The European medicines Agency (EMA) has released a new draft guideline for manufacturers who use bovine serum when producing biologics for human consumption, adding additional testing requirements to screen for bovine viral diarrhea virus (BVDV).
The 1 October draft guideline, Use of bovine serum in the manufacture of human biological medicinal products, specifically revises two sections of a 2003 guideline on the same topic: Sections 7.3.3 and 7.3.4, both of which pertain to testing requirements for BVDV.
The broader intent of the guideline is to reduce the risk of transmission of bovine spongiform encephalopathy (BSE), also known as mad cow disease, and BVDV, a cattle virus. Though EMA's guideline recommends sponsors use non-ruminant (cow)-based materials, it acknowledges that some materials, and in particular bovine serum, are essential to the manufacture of some biological culturing processes.
Controlling the quality of bovine serum used in biologics manufacturing, then, is of the utmost importance to stem the risk of transmitting BSE, BVDV and other "deleterious effects."
Traceability, Testing Key Requirements of Guideline
Serum-commonly foetal bovine serum (FBS)-should only be collected by trained personnel using specified methods. Strong oversight of an animal's supply chain should also be used to ensure they come from regional or national control programs meant to minimize the use of unsafe feeding or slaughter methods that can transmit BSE or BVDV.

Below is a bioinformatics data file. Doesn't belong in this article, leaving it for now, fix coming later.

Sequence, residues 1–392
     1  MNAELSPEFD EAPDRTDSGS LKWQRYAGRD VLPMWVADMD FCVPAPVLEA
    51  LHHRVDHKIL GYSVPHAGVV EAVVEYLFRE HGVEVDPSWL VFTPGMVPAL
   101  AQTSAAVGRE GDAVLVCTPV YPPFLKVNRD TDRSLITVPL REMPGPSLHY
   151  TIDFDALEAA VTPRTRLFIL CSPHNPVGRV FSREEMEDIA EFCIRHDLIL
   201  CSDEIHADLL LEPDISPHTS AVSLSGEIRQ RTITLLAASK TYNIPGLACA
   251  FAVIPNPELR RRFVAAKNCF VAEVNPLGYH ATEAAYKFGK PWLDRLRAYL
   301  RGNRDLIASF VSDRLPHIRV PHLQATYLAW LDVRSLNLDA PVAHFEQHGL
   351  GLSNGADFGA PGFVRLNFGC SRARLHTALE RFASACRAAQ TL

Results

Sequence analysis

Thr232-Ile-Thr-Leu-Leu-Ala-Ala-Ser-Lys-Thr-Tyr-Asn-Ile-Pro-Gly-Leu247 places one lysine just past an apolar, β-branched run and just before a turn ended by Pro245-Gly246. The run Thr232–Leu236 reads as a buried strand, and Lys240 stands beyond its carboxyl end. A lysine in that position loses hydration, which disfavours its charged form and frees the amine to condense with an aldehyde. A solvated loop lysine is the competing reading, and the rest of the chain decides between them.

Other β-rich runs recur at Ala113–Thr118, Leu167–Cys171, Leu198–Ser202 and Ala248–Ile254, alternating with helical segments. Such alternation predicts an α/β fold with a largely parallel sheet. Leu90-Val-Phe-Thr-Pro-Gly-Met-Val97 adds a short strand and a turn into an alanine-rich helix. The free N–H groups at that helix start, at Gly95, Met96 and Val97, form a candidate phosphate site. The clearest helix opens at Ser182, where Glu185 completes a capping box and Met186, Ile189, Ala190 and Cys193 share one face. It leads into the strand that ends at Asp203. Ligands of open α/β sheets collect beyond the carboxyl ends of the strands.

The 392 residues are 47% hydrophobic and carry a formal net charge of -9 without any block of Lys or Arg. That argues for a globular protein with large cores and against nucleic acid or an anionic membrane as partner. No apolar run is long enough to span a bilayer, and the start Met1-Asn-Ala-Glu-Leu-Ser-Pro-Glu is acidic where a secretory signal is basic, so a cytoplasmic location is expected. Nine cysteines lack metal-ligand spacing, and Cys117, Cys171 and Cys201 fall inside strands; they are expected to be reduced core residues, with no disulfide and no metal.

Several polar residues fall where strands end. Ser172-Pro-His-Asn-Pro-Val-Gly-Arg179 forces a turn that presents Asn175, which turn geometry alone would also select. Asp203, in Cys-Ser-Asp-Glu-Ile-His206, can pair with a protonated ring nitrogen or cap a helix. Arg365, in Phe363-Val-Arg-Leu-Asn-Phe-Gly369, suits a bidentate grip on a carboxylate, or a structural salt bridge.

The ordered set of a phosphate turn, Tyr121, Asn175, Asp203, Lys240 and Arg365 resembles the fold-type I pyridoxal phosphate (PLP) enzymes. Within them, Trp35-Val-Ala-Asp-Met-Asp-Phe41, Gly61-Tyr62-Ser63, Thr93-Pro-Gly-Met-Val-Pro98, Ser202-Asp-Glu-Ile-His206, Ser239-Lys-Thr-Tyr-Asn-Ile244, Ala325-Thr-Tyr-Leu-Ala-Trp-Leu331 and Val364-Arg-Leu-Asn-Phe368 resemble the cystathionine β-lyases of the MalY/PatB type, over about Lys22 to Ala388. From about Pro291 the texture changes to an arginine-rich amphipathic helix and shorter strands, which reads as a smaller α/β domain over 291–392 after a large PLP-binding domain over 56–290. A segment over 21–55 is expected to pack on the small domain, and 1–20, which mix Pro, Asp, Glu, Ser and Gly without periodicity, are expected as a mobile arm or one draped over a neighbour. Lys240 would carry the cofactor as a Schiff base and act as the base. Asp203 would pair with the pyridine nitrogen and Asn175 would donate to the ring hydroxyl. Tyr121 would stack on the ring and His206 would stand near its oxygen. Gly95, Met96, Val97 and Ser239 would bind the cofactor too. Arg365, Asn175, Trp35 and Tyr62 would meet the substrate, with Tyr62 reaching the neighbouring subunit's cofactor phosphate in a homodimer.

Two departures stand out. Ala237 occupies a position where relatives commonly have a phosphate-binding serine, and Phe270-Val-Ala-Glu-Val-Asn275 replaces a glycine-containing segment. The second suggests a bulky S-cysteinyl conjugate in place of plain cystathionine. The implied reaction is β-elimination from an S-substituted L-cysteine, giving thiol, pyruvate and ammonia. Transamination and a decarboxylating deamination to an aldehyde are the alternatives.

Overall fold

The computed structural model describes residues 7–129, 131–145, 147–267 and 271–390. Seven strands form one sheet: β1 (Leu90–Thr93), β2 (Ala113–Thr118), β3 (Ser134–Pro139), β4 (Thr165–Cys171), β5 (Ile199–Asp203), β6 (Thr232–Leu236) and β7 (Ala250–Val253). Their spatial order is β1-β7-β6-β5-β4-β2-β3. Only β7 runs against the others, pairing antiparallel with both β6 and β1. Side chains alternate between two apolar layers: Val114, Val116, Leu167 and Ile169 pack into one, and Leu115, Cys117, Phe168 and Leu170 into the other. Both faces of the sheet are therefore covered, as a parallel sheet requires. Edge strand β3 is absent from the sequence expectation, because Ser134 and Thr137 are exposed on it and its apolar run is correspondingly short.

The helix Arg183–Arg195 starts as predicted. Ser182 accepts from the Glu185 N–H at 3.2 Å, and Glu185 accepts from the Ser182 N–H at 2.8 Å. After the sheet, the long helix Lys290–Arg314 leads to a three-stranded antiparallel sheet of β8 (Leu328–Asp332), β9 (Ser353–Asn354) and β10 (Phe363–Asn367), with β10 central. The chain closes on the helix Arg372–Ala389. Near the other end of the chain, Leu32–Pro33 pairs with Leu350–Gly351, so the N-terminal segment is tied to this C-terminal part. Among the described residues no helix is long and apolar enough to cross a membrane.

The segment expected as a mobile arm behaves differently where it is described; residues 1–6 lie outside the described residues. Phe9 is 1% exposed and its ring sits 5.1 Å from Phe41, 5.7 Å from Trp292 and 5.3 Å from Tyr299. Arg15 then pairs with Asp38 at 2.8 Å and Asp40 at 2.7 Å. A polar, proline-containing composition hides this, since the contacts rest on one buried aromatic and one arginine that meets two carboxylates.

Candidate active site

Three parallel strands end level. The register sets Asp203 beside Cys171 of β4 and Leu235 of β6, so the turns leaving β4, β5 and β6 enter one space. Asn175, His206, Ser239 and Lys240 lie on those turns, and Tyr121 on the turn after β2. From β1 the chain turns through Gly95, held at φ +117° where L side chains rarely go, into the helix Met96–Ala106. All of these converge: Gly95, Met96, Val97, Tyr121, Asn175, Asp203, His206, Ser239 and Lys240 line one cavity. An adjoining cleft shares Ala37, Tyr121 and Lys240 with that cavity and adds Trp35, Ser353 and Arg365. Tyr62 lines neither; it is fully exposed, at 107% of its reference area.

This is particularly important when establishing a product's pedigree, explains EMA. "The traceability of serum from final container back to the abattoir of origin is of prime importance and a clear audit trail must be demonstrable including records of volumes at each stage. Traceability of serum from final container to farm of origin should be ensured for donor herds used to obtain Donor Bovine Serum."
A certificate for traceability purposes should show the catalogue number, batch number, country of origin of all source animals, final batch volume, data of manufacture, the product's shelf life, certification that a serum is bovine-only and information on the physico-chemical properties of the serum.
Though BSE testing has long been a requirement for manufacturing serum in the EU, EMA's new draft guideline also adds a requirement for BVDV testing as well.
Regulators note that the detection of the virus is difficult and its presence in a bovine serum, "Cannot completely be avoided." That being said, EMA explains that any contaminants found should be inactivated or removed before the serum is retested.
The final serum should be free from all viral, fungal, bacterial or mycoplasma contaminants.
Sponsors should also be wary of anti-BVDV antibodies, which can mask the presence of BVDV in a serum. The use of validated testing for all detection methods is required, added EMA.
Though the guideline applies specifically to serum obtained from bovine species, its principles are applicable to serum obtained from other species for similar purposes, such as horses.
Consultation on the document ends 31 December 2012.